Adding Insult to Injury: Paying for Harms Caused by a Competitor’s Copycat Product

Lars Noah, University of Florida Levin College of Law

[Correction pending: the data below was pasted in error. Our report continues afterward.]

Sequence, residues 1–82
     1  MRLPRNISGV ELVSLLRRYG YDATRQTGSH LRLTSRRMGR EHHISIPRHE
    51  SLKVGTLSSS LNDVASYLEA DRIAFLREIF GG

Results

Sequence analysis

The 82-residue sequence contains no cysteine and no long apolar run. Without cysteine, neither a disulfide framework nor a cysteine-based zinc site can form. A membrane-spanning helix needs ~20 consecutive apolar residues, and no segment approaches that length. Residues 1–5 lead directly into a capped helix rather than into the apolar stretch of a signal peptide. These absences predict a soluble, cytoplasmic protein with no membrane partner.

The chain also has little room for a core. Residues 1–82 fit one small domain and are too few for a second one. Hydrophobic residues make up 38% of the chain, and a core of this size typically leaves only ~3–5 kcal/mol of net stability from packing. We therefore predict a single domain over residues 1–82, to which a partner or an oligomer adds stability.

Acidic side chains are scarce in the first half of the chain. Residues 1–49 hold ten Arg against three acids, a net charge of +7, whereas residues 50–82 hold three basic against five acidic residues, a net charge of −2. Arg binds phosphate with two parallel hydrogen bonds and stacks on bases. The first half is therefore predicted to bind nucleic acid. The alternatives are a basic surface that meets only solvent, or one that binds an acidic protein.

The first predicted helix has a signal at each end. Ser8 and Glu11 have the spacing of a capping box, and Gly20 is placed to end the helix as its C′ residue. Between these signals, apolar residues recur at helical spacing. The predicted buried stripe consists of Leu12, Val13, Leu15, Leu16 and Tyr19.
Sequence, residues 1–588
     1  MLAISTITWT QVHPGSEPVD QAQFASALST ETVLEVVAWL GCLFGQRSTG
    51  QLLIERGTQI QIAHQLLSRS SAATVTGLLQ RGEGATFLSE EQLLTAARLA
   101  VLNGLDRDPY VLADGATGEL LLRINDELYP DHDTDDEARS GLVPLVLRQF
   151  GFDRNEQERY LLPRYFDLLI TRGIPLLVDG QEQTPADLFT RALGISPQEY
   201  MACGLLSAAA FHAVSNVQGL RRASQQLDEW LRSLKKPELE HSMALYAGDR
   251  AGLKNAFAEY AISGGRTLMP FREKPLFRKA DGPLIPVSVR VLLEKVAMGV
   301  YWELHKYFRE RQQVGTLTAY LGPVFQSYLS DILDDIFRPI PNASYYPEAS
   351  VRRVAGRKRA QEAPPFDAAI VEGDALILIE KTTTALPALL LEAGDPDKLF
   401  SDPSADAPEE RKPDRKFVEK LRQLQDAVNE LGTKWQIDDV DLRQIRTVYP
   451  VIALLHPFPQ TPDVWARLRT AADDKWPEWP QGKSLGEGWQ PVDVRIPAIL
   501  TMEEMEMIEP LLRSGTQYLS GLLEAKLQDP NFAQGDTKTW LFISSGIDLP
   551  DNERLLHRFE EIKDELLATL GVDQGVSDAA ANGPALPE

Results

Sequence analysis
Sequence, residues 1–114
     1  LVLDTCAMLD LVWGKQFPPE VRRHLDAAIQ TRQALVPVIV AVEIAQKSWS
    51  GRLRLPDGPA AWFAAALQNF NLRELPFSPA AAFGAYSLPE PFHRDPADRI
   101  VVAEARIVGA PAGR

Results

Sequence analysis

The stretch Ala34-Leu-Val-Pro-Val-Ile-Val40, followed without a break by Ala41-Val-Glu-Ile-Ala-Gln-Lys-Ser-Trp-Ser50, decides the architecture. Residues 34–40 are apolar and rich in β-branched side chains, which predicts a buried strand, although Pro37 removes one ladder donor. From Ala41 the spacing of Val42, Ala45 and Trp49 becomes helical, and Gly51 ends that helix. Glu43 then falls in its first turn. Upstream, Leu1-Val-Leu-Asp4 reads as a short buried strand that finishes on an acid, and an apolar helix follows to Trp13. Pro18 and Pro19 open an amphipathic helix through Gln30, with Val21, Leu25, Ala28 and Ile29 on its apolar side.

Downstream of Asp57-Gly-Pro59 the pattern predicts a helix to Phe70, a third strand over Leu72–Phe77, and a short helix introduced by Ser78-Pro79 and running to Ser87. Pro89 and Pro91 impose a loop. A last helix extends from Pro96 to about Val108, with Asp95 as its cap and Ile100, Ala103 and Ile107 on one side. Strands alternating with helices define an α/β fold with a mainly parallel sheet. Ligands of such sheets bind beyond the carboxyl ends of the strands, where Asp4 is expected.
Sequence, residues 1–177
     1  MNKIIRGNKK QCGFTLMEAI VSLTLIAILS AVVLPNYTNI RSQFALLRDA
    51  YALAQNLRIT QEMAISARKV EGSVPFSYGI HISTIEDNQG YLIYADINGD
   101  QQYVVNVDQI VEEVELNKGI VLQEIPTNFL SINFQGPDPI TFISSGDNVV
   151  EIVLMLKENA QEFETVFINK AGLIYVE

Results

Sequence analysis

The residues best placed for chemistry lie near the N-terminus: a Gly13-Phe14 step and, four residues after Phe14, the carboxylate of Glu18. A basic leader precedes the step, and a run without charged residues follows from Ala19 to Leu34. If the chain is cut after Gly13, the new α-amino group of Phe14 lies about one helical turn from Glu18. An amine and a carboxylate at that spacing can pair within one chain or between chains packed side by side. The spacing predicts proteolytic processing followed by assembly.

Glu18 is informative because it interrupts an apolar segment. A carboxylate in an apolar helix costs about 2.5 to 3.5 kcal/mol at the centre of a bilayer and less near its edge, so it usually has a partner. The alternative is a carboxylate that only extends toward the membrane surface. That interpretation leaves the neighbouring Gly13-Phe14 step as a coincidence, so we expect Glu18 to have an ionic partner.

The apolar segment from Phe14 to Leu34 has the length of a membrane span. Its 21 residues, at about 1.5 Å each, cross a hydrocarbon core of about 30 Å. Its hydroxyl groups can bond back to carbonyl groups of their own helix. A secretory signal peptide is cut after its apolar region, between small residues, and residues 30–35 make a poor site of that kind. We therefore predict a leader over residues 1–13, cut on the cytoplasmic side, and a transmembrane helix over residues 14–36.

Even though generic drugs now account for more than two-thirds of dispensed prescriptions, to date they have played almost no discernible role in products liability litigation. In the last few years, however, courts have begun to confront challenging questions presented when plaintiffs assert tort claims for injuries caused by the use of generic drugs, including negligent misrepresentation claims brought against the manufacturers of the brand-name versions of those products even though never used by the patient. Such cross-over litigation uniformly failed until a couple of years ago when the California courts allowed a plaintiff to maintain claims against only the brand-name drug manufacturer even though she had ingested only the generic version. This article explains the profound though not entirely self-evident illogic of such an approach.